As a Casey Anthony hearing broke for lunch Wednesday, Chief Judge Belvin Perry walked across his courtroom and up to a podium facing not the witness stand or the bench, but television cameras.
In minutes, Perry went from assessing arcane testimony about human decomposition to discussing statewide court finances to providing the press with measured answers about a fiscal crisis averted — his mind shifting, one gear to the next, like a high-performance clutch.
How does one man juggle the demands of a nationally observed murder case with a court budget crisis and a year of personal loss?
"Put it this way: I virtually have no life," Perry said. "Between this, between going to Tallahassee and my administrative responsibilities in running the third largest circuit in the state of Florida, I stay pretty busy."
When they wrote the job description for Chief Judge of the Ninth Judicial Circuit, Belvin Perry Jr. couldn't have anticipated all this:
The loss of two dear colleagues within a 15-month span. A leadership role with the Florida Innocence Commission. A seat on the state Trial Court Budget Commission trying to preserve court funding. An onslaught by courthouse activists looking to undermine one of his administrative orders.
Those are just some issues Perry deals with when he's not hearing the Casey Anthony murder case. Next month, when that trial begins, everyone will see how Perry presides over the high-profile case in an era of information and immediacy.
What they won't see is a man who rattles easily.
Same rules for everyone
Last month, when Anthony's defense team filed a motion accusing him of bias in a ruling, Perry showed no outward anger or resentment. The next day he addressed the motion — denying the request for a rehearing and ignoring the bias claim.
Perry cannot talk about the Anthony case now, but during an interview last week, he expounded on his life, his work ethic and his personal code as a jurist.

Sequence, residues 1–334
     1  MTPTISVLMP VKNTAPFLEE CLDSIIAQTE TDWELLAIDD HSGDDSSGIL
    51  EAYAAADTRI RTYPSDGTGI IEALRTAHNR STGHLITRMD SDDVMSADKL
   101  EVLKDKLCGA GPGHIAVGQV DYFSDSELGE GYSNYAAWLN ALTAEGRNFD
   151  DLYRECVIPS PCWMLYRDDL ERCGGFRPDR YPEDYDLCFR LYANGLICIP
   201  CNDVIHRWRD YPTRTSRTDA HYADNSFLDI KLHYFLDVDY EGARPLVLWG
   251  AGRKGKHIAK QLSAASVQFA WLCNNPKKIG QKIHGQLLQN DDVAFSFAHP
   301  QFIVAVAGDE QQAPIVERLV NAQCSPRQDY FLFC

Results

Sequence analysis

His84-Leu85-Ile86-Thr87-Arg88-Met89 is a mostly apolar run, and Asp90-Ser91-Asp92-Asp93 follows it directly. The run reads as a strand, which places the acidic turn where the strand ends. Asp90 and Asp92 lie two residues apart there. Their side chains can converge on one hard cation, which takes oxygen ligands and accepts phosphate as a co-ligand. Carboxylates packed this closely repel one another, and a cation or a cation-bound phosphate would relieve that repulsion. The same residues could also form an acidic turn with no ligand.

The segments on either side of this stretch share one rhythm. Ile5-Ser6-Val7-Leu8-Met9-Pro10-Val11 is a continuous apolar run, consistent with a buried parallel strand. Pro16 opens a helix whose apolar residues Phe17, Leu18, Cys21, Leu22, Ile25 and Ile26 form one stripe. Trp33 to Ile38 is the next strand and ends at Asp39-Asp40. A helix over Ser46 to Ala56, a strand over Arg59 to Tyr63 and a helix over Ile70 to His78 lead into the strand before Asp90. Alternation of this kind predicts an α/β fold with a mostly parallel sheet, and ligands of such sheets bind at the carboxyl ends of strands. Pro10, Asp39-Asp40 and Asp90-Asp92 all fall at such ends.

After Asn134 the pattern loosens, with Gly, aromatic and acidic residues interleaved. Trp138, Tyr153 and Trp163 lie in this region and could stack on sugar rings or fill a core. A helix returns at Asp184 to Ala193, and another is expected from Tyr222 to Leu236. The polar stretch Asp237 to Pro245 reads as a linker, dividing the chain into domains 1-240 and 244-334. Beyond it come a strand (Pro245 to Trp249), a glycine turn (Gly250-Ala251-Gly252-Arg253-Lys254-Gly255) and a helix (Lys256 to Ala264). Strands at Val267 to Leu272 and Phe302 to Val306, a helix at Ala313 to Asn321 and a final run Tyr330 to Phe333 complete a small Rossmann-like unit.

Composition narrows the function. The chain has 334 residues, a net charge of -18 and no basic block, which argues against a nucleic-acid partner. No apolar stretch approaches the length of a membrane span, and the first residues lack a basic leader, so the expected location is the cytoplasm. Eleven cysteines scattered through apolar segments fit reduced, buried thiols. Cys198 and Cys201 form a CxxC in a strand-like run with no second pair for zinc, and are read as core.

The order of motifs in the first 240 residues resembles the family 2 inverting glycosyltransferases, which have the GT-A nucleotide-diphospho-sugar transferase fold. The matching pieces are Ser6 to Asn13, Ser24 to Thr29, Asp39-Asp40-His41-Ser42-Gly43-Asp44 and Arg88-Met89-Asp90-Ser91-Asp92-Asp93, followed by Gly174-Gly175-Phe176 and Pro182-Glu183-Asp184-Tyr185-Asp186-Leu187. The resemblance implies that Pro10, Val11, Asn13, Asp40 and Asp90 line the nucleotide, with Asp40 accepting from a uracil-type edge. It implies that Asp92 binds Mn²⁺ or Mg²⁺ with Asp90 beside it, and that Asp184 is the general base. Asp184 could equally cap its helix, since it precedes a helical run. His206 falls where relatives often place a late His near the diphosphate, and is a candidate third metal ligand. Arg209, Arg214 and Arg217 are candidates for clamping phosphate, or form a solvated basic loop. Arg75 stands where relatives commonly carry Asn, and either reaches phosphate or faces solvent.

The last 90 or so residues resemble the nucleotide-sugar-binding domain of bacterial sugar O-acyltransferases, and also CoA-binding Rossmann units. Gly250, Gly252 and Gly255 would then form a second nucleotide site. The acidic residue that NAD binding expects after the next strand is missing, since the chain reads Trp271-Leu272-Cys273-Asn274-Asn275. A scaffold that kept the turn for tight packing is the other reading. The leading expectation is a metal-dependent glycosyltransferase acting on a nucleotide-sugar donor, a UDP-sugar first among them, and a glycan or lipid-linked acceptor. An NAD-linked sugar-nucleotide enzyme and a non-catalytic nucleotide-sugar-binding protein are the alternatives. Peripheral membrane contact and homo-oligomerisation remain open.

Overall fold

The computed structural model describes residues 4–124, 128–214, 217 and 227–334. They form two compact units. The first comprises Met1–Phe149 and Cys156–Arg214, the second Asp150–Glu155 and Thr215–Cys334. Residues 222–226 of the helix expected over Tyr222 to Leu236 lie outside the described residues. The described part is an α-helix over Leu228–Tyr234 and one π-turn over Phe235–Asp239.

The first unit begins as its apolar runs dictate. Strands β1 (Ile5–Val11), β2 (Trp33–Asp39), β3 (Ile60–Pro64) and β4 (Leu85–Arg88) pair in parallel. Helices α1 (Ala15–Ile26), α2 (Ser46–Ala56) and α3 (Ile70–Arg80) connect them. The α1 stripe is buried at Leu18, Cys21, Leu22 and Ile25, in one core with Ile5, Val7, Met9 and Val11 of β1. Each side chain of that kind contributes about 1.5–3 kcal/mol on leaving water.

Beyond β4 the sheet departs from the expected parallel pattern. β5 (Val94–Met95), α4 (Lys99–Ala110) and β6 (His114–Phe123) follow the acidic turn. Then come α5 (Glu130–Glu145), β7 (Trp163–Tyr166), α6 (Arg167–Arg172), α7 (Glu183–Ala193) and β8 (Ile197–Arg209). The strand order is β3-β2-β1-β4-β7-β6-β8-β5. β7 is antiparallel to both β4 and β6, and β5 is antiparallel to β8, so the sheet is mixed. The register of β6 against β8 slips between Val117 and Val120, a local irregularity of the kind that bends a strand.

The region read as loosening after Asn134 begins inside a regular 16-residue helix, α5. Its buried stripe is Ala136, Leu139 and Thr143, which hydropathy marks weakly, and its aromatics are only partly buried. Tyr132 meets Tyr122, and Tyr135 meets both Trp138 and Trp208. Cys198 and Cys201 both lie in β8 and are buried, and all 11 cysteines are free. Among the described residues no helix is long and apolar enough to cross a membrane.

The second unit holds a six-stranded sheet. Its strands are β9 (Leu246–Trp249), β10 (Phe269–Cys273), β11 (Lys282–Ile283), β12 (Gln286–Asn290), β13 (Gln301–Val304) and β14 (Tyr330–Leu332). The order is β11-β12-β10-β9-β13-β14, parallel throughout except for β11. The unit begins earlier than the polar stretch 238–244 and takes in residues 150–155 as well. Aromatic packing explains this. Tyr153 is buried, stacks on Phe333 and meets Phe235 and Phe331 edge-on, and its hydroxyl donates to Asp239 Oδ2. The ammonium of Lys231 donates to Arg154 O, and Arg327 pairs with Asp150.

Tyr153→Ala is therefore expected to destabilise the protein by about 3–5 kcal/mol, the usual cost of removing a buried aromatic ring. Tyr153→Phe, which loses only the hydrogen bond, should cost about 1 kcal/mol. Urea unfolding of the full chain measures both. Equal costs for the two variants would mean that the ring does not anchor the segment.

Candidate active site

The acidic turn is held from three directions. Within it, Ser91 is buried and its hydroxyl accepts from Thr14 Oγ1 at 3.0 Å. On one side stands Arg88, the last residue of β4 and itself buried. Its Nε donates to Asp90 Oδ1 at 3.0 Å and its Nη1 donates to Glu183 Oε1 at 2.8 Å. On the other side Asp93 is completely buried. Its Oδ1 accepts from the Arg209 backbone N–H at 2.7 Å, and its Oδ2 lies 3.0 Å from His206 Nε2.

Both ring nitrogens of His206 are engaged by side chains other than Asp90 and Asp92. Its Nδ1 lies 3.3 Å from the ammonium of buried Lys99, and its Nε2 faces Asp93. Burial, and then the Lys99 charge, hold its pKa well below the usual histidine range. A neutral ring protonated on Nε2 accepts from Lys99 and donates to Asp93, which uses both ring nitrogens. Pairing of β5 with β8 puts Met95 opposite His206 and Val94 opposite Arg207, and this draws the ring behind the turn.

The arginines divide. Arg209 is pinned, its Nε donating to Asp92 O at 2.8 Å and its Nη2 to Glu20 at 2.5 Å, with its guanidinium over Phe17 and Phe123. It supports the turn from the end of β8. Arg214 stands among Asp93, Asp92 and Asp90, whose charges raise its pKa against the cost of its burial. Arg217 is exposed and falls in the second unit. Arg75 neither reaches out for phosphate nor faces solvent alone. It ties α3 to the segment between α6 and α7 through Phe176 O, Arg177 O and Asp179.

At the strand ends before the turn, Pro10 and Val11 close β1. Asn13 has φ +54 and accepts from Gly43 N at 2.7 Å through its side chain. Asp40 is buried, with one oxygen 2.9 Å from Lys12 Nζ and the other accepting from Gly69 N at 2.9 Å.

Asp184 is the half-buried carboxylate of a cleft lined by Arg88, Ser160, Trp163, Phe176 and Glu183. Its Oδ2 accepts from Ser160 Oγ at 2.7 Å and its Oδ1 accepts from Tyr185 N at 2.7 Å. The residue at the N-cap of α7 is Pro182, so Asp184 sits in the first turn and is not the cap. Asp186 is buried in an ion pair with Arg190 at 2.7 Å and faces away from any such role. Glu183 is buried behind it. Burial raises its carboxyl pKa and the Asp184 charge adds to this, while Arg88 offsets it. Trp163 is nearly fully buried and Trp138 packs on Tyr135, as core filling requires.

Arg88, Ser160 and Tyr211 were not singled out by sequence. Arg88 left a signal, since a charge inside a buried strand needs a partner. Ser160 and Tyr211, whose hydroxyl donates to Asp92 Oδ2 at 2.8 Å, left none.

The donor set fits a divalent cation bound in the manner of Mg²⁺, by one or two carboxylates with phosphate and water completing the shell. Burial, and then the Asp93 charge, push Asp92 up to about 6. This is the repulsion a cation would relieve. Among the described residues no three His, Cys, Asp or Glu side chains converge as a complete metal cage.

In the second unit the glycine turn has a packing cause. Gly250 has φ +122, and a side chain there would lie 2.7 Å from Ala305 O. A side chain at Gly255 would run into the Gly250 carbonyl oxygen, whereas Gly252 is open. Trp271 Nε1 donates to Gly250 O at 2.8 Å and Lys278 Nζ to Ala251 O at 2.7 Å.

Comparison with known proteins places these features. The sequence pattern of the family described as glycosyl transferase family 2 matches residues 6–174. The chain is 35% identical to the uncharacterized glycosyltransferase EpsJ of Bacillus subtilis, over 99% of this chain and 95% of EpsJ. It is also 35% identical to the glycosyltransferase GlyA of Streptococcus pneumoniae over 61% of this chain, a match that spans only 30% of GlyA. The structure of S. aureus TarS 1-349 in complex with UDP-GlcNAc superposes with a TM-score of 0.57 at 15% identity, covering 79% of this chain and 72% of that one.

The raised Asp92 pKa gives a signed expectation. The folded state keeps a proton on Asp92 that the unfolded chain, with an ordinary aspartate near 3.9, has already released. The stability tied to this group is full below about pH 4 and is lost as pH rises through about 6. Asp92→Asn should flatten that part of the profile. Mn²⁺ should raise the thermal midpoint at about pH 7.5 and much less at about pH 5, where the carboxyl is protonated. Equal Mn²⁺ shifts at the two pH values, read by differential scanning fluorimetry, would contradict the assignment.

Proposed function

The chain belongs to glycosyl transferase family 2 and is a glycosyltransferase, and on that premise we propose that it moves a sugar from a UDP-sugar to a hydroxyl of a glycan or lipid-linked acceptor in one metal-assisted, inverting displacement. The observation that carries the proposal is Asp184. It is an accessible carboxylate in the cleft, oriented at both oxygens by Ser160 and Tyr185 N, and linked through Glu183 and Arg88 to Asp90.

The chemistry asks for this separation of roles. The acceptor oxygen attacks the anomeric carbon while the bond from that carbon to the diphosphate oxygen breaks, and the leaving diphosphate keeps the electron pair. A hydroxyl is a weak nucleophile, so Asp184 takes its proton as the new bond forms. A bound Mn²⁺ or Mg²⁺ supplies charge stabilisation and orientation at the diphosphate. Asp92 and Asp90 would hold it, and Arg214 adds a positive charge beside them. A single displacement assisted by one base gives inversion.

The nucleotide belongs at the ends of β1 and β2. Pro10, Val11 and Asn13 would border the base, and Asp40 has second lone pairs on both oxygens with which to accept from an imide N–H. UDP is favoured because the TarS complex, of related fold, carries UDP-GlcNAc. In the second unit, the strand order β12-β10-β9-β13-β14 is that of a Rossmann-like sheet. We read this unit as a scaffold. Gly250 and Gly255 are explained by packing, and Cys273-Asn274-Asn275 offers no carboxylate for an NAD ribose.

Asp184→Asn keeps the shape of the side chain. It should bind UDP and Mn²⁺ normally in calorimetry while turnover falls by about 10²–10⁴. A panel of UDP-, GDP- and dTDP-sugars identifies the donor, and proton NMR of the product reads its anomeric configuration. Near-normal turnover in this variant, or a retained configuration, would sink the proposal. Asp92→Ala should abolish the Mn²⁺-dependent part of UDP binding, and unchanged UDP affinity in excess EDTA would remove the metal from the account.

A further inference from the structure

"As a lawyer, the only thing I ever wanted was a judge that was consistent, that followed the law and that made everyone play by the same rules," he said. "That has always been my philosophy."
Perry is known to be tough but fair and a stickler for details, legal procedure and timeliness. Some of this may be attributed to the demands of his parents.
"From washing dishes to doing household chores, everybody had things to do, and it was inspected," he said. "And if it did not meet the standards of my mom and dad, you had to do it over and over until it was nearly perfect."
Ask William J. Sheaffer, the prominent criminal defense attorney and local television analyst in the Anthony case, if Perry can handle so many jobs and the pressure inherent in a case like this. His answer is unequivocal: "Absolutely."
"Everything that's happened before in Judge Perry's career and personal life has led to the handling of this case," Sheaffer said. "Nothing's killed him yet and it has made him … a lot stronger."
From segregation to the bench
Belvin Perry's story arc is well documented. His father, Belvin Perry Sr., was one of Orlando's first black police officers, joining the force in 1951.
Perry graduated from Jones High School, where his sister is now the principal.
He is old enough to remember how entirely segregated Orlando was during the 1950s and 1960s. Yet, Perry said, within his community, he enjoyed a nurturing, supportive network of family, friends and teachers.
Still, he was aware of the racial divide.
One Church Street theater Perry had go to as a child was known as a "rat trap" because the audience would see the rodents scampering below the movie screen. Local restaurants would serve black people takeout, but Perry's father would have to pick up the food at the back door.
For a long time, Woolworth's would not allow Perry and his friends to sit at the luncheon counter, and, when they finally could, "It was like that was a great experience to be able to walk in and get a hot dog for the many years that you couldn't."
His father taught that life was "too short to hate," but Perry felt frustration. Upon returning to Orlando with a law degree from Texas Southern University, he could not find a job.
So he pumped gas, was a substitute teacher and worked as a bartender on weekends to support his family.
"I said, 'Dad, I'm growing tired of this. … A lot of things in this place have not changed and I'm thinking about moving back to Houston where the opportunities may be greater," Perry said.